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Nov 14, 2008

Cellular Dynamics Receives SBIR Grant

  • Cellular Dynamics International (CDI) received an SBIR grant from the NIH worth $499,796 to develop pluripotent stem-cell derived human cardiomyocytes (CMs), or heart cells. Human CMs will provide a more predictive model to determine cardiotoxicity in the early stages of drug development, according to the company.

    CDI will use human pluripotent stem cells to derive pure populations of cardiomyocytes (atrial, ventricular, and nodal) for development of preclinical models to accurately predict cardiac toxicity in humans during the early stages of drug discovery. These models will allow for detection of drug toxicity and significantly reduce the chances of a cardiotoxic compound ever reaching a clinical population, thus improving the overall efficiency and safety of the drug development process, the company adds.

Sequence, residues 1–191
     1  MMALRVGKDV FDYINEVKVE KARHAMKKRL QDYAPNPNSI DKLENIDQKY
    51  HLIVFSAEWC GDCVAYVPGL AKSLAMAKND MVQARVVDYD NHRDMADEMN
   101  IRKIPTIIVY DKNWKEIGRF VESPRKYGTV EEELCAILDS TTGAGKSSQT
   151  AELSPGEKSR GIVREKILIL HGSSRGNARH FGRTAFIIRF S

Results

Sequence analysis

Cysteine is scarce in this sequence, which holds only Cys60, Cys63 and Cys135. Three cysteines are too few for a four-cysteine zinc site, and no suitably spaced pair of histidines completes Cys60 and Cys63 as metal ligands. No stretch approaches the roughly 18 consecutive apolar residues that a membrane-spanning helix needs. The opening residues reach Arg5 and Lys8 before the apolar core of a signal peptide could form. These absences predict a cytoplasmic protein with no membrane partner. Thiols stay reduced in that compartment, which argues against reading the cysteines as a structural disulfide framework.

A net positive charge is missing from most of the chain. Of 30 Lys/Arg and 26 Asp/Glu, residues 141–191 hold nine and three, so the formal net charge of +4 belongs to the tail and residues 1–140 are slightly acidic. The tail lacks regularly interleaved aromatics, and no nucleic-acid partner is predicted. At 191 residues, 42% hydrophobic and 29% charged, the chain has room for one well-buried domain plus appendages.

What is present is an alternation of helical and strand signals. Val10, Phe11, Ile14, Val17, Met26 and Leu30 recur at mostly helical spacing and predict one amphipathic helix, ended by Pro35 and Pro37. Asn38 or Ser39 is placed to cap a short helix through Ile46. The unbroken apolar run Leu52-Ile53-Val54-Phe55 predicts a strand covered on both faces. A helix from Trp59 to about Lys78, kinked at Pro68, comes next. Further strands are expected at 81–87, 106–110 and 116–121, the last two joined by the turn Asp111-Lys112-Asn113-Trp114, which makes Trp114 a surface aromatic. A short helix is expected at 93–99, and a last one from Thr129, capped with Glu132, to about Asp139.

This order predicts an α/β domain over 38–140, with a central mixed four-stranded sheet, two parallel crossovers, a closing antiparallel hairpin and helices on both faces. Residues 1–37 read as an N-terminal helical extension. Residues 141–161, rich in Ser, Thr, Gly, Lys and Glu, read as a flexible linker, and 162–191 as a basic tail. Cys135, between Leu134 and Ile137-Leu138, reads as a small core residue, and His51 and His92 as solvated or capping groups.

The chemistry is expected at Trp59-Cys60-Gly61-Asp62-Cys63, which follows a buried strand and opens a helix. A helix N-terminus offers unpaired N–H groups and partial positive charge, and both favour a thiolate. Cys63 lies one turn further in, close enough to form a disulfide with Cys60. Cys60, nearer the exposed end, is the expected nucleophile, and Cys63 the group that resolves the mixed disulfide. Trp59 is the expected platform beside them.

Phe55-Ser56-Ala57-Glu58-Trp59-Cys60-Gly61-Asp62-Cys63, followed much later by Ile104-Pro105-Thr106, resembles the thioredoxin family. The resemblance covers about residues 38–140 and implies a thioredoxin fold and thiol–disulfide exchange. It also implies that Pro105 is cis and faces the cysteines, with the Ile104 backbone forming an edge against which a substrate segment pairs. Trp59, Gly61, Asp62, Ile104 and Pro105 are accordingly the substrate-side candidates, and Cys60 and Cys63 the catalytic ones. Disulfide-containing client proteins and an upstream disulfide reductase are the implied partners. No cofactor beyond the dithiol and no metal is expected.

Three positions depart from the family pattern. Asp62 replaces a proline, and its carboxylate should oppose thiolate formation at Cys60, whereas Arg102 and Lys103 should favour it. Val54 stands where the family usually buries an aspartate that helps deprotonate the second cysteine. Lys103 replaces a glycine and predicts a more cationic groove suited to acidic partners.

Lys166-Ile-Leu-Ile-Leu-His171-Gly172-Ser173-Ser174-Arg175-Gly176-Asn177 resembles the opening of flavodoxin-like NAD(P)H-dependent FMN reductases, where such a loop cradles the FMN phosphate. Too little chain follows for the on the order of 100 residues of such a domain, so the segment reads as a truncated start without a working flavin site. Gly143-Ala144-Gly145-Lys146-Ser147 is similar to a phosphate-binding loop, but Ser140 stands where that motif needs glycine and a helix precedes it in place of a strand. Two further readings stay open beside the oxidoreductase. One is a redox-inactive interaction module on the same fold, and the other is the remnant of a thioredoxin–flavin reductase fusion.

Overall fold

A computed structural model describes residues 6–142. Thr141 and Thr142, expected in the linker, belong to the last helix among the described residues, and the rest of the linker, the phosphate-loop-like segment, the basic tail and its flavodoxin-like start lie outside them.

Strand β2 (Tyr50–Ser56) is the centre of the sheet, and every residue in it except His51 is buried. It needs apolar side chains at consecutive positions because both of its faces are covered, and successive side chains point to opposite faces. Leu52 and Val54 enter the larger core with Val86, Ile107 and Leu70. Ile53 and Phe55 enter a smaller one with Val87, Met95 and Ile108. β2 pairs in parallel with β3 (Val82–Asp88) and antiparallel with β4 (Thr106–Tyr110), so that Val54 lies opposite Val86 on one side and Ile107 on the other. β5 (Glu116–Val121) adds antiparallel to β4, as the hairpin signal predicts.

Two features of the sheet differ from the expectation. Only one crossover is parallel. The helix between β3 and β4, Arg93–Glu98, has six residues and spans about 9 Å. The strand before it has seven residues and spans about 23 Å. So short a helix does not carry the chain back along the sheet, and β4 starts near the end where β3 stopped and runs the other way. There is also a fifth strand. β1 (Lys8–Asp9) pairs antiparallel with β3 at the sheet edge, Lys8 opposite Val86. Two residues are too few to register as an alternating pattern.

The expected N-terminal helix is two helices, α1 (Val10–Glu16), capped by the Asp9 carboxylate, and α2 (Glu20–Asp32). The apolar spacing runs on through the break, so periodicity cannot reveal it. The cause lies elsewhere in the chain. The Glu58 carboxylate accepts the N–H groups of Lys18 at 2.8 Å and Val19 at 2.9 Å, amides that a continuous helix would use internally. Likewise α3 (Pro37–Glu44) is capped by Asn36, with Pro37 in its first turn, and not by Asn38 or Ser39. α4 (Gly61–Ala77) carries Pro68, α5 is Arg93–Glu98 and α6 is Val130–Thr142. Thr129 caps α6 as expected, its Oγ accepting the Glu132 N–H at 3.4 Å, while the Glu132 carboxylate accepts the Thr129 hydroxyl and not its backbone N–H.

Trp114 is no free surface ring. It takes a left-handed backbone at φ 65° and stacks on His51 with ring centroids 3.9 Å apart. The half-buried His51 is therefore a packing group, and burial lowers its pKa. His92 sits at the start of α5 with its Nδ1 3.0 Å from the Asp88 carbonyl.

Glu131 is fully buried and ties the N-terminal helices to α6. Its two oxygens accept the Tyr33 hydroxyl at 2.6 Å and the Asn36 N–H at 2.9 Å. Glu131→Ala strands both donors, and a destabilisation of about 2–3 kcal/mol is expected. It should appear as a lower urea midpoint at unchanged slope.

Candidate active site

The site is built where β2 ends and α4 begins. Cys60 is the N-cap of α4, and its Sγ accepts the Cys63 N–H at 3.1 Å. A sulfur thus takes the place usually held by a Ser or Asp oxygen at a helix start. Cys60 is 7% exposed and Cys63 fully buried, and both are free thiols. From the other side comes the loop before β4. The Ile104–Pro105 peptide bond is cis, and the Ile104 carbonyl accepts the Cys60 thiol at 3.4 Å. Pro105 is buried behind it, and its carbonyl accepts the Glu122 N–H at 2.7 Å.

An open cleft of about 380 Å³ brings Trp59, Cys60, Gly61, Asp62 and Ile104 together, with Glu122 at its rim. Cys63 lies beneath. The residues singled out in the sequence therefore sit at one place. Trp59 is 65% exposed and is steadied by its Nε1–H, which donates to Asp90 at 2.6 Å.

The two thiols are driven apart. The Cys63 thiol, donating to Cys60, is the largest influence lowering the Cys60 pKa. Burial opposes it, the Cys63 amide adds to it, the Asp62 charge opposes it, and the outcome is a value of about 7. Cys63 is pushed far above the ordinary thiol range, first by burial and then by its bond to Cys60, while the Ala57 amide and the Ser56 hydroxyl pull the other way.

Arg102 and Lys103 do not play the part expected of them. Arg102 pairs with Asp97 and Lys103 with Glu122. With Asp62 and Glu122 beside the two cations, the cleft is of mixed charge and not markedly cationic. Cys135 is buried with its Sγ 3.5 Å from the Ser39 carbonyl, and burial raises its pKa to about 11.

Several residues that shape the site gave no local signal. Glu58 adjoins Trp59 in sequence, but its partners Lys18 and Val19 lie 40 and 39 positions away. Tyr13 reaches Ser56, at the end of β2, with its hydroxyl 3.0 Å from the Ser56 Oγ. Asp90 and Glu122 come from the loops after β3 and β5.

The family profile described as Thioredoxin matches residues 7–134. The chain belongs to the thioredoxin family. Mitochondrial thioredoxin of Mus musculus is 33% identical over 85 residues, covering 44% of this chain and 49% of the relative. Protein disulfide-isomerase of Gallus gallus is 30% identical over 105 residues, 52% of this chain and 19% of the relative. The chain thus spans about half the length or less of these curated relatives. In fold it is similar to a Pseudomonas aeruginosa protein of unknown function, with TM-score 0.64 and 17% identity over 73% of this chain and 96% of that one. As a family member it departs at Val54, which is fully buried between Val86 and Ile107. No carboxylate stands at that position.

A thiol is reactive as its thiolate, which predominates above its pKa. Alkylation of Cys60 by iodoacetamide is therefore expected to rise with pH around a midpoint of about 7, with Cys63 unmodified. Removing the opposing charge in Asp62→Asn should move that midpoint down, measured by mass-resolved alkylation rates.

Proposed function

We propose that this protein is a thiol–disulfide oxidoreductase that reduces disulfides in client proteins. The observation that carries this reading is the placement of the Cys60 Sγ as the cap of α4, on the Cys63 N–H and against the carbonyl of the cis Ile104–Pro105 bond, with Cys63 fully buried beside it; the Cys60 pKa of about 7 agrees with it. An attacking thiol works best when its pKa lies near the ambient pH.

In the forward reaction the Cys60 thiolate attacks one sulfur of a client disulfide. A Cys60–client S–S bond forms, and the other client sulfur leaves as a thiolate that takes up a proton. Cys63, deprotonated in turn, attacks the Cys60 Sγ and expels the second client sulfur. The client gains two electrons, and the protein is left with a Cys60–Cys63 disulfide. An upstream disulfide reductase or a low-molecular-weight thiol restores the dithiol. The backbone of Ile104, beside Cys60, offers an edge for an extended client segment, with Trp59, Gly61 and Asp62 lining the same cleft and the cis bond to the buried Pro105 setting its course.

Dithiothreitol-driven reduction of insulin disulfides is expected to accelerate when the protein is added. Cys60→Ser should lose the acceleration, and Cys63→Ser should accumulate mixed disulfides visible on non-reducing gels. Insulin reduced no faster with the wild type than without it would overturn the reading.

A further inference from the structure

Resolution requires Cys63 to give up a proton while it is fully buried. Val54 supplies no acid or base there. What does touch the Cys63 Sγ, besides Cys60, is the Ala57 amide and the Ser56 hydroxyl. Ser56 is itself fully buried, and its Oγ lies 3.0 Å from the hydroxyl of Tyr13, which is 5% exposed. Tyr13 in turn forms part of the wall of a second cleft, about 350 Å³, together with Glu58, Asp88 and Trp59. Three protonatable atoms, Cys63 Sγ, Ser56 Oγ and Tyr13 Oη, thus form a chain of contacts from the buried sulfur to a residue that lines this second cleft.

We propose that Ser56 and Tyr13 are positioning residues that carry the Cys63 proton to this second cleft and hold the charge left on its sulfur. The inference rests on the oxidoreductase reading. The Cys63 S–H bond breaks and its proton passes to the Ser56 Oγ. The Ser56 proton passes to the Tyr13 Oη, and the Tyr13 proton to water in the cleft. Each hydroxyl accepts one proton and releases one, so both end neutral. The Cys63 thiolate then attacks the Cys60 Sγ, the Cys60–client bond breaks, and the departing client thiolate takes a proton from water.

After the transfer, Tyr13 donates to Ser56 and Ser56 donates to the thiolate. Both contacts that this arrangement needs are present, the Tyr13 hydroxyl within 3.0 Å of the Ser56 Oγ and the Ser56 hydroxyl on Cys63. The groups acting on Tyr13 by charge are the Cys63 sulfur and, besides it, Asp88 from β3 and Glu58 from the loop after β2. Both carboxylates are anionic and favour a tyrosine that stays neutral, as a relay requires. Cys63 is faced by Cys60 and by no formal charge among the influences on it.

This is the second SBIR grant awarded to CDI this year, with a combined total of approximately $1 million.



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Scientifically Studying Ecstasy

MDMA (commonly known as the empathogen “ecstasy”) is classified as a Schedule 1 drug, which is reserved for compounds with no accepted medical use and a high abuse potential. Two researchers from Stanford, however, call for a rigorous scientific exploration of MDMA's effects to identify precisely how the drug works, the data from which could be used to develop therapeutic compounds.

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